On 6 January 2016, health care scheme was introduced by Sub-Decree 01/16. The Benefits of the health care scheme include preventive health service, treatment and medical care service and daily allowances during work suspension resulting from disease treatment or accidents other than occupational risk and maternity leave. These benefits are applicable to persons covered by the provisions of the Cambodian Labour Law, including spouse and dependent children of workers who are members of the NSSF and NSSF members who are receiving a pension resulting from the permanent disability and survivors. Pursuant to this Sub-Decree, employers and workers under the provisions of the Social Security Law must pay contribution for health care scheme to NSSF. The contribution rate to be paid by an employee should not exceed the rate contributed by an employer. However, the details regarding process and procedures on payment of contribution rate will be determined by Prakas of the MLVT.
9. Workplace Safety
Employers are required to keep all work areas clean and safe, and ensure workers’ health. They must comply with a number of specific regulations governing the workplace, including the number and standard of toilets, infirmary requirements, seating, lighting and the provision of hygienic drinks.
If there are any workplace accidents, including disease caused by performing work, either at the work site or in a direct commute between the home and work site, the employer is responsible for arranging and paying for all medical care. However, an employee who suﬀers a work-related accident is not entitled to compensation if the employee intentionally causes the accident. The employer is required to report all workplace accidents to the MLVT/DLVT to enable an investigation of the circumstances and take measures to prevent such accidents from recurring.
If a workplace accident prevents the worker from working for four days or less, the worker will only receive regular wages. If the accident prevents the worker from working from 5 days to less than 20 days, he or she is entitled to daily compensation equal to the average daily wage from the fifth day, in addition to regular wages.
In the case of more serious accidents that render a worker unable to work for 20 days or more, or fatal accidents, in addition to the above-mentioned compensation, the worker or beneficiary shall receive an annuity, calculated based on annual basic salary and degree of disability. An MLVT regulation sets out the procedure for determining the level of disability and the resultant amounts due are based on the employee’s average wage for various types of injuries. The proportionate amount due to a surviving spouse and/or dependents is also specified.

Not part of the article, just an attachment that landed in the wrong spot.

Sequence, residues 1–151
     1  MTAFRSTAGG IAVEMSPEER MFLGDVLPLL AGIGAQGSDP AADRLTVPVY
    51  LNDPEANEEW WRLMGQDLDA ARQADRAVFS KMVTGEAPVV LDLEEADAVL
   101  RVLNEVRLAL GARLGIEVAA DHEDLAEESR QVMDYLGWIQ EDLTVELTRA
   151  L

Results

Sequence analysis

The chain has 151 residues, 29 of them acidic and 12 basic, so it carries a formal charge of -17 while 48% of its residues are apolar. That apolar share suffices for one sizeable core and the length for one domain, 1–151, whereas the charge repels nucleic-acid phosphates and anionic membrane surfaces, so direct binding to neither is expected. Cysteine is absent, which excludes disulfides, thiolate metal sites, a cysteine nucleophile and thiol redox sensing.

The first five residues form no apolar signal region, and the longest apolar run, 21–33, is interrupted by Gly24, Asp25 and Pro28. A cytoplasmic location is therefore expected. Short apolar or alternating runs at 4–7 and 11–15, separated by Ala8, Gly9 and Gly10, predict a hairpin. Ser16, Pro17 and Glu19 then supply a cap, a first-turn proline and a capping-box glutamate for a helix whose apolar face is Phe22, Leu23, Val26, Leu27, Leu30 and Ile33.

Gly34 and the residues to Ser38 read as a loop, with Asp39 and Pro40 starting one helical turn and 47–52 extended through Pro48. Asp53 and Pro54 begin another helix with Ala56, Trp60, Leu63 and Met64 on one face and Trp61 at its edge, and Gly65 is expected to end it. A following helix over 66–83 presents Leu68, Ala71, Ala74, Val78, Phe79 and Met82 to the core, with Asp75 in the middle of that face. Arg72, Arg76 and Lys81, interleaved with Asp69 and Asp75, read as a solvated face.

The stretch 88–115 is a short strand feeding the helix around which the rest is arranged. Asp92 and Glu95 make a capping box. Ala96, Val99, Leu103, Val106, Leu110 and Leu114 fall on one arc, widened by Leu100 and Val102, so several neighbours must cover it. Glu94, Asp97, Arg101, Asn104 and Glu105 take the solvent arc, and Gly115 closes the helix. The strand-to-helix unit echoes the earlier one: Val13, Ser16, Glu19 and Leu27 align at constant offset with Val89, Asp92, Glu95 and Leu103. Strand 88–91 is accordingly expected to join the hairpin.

10. Dispute Resolution
The Labour Law categorises labour disputes as either “rights disputes” or “interest disputes”. Rights disputes relate to rights guaranteed by the Labour Law or other labour regulations, employment contracts or collective bargaining agreements. Interest disputes involve disagreements over desired benefits and entitlements that are outside the scope provided for under the Labour Law, regulation or contract. The procedures for resolving labour disputes depend on the type of dispute (rights or interest) and on whether the dispute is an individual dispute or a collective dispute.
If the conciliator cannot identify a satisfactory solution for the parties, and they do not have, or cannot find, any agreement on dispute settlement procedure, the Minister of the MLVT will refer the case to the Arbitration Council for its decision which is required to be made within 15 days. The Council’s decision can be implemented immediately if no party appeals to the Minster of the MLVT within 8 days. The employer must post a copy of the Arbitration Council’s award in the workplace and the oﬃce of the local labour inspectorate. Both the conciliation and arbitration services mentioned above are provided free of charge.